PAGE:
As head of the International Road Transport Union, Martin Marmy is fighting to bring peace and prosperity - by improving conditions in the transport industry.
Photo: Yann Mingard/Panos Pictures
"We are working together for a better future globally, a future that will be brought about by the increasing wealth and prosperity road transport helps create", says Martin Marmy, Secretary General for the IRU (International Road Transport Union).
office in the heart of Geneva, International Road Transport Union
Secretary General Martin Marmy
surveys the world - literally.
On the wall is a king-size map of the planet, put there to serve as a permanent reminder that the IRU exists to represent the views of its 180 members worldwide.
And while achieving consensus on that scale may sound like a recipe for Mission Impossible, Marmy
has a clear vision to guide him.
Road transport key to stability
"We are working together for a better future globally, a future that will be brought about by the increasing wealth and prosperity that road transport helps create," he
"Sustainable development is obviously paramount, for without it our children - and their children - will have nothing," says Marmy
"Here we define our approach through what we call our '3 i's' strategy, which is to say, innovation, incentives and infrastructure."
explains, has to do with technology to make vehicles safer and reduce their environmental impact.
The incentives part comes from governments, to encourage more rapid introductions of better, safer technologies and practices.
And infrastructure - safe and sufficient infrastructure, that is - is a prerequisite for the road transport industry.
Road transport without hurdles
explains, is about making trade happen as efficiently as possible.
"In our global economy, transport operators must be allowed to move freely - not get held up at borders for days on end for no good reason," Marmy
"That is plainly absurd."
Marmy's frustration is illustrated by the fact that back in 1982 each European Union member state and every nation bordering the EU signed and ratified the United Nations Economic Committee for Europe (UNECE) convention for the Harmonisation of Frontier Controls for Goods.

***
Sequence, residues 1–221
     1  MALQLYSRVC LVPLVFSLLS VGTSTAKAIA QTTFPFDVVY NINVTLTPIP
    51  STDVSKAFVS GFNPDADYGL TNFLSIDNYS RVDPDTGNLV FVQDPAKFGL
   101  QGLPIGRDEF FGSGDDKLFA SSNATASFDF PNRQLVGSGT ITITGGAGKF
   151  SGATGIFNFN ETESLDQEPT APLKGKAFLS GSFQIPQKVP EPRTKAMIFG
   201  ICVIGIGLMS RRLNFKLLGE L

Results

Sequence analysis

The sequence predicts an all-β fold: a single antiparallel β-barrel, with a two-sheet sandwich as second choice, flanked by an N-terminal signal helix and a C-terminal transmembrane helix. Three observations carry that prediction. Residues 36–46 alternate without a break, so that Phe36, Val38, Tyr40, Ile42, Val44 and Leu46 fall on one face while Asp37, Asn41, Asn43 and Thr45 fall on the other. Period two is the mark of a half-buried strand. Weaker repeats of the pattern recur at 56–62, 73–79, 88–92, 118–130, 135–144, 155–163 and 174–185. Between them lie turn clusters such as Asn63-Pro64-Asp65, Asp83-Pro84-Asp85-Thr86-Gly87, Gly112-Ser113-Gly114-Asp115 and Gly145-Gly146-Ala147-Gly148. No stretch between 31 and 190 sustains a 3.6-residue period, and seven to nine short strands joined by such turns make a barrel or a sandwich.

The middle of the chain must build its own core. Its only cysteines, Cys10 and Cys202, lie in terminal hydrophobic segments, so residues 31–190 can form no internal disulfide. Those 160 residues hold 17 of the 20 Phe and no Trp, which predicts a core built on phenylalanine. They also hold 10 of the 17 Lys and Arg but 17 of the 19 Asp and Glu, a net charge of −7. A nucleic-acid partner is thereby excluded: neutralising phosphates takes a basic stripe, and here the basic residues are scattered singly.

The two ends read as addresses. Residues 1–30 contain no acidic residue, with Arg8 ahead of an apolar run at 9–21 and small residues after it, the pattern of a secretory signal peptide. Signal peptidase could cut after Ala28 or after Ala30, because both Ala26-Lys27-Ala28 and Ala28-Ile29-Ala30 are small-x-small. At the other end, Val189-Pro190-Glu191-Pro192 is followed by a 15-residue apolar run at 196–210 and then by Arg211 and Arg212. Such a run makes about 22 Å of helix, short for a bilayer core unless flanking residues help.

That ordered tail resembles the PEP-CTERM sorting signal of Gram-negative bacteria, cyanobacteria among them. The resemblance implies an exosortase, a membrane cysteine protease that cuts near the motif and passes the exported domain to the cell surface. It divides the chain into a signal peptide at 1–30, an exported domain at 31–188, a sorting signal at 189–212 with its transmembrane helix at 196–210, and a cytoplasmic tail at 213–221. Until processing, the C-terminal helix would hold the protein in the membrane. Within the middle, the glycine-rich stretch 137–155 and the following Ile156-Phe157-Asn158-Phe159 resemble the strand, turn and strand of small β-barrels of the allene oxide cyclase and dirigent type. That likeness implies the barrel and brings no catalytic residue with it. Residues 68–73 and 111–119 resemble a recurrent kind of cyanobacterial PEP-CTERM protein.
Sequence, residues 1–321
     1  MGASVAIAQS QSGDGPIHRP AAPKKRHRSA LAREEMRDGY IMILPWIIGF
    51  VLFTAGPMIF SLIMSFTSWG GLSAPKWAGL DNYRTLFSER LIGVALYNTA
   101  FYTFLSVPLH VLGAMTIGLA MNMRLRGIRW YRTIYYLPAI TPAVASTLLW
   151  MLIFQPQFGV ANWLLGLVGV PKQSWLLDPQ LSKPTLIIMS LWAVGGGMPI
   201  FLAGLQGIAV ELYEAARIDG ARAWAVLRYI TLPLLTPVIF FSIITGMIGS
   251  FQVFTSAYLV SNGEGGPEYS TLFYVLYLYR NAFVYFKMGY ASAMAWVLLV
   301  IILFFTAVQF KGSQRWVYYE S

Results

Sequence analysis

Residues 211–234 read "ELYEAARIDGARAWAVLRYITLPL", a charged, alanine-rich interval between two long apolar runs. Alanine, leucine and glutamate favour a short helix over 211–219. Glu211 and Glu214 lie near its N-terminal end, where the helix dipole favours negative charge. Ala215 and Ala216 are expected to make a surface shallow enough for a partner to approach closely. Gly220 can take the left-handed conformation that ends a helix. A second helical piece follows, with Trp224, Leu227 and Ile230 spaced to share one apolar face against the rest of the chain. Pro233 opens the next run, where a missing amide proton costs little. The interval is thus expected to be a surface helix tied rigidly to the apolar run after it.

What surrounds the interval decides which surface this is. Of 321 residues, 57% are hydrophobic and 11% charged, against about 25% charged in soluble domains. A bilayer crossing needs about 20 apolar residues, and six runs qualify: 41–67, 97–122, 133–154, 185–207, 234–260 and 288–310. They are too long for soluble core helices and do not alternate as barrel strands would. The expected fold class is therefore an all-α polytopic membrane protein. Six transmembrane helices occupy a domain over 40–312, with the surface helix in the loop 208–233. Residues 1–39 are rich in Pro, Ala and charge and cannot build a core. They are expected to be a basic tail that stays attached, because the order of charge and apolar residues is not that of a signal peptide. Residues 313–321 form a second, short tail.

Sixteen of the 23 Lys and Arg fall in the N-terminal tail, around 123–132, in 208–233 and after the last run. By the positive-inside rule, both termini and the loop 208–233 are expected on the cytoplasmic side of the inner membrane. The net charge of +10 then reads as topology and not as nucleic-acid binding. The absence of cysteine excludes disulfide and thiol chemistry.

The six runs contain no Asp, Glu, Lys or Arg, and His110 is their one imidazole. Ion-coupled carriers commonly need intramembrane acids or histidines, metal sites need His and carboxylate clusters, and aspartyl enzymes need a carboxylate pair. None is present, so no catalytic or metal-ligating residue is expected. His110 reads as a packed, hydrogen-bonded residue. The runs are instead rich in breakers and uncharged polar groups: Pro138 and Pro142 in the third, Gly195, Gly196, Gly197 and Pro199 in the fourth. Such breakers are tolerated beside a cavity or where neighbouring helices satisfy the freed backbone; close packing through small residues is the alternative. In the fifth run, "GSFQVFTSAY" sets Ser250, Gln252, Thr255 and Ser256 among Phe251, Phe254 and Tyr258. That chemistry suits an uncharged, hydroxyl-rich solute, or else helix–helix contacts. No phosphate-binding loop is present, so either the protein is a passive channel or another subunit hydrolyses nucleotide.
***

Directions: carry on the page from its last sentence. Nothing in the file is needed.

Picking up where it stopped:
Breaking down barriers
"Unfortunately, the rules are seldom applied properly, either within the EU or in certain bordering countries," Marmy
"Moreover, many of the 'old' EU countries and more and more of the new ones now are introducing neo-protectionist measures to keep foreign trucks out.
For example, before January 2008, a Ukrainian professional driver could be required to submit up to 30 documents to obtain a visa to transport goods in EU territory - and that visa was valid for just for six weeks!
So we have to break down these barriers."
This is beginning to happen, Marmy
"During 2008 six amendments to the UNECE convention will be applied as a result of work undertaken by the IRU and its member associations," he
"I have a dream that all of us - politicians and the public alike - will come to appreciate that the truck is at the centre of human needs," Marmy
IRU - 60 years of service
Formed in 1948 to assist in the re-building of war-torn Europe by implementing the United Nations'
key road transport facilitation instruments, the IRU(International Road Transport Union) has developed into a global operation headquartered in Geneva with regional liaison committees and dedicated permanent delegations in Brussels, Moscow and Istanbul.
IRU's 180 members cover diverse interests, ranging from passenger and road transport associations to vehicle manufacturers in 73 countries worldwide.
IRU has a permanent staff of 130 led by Secretary General Martin Marmy.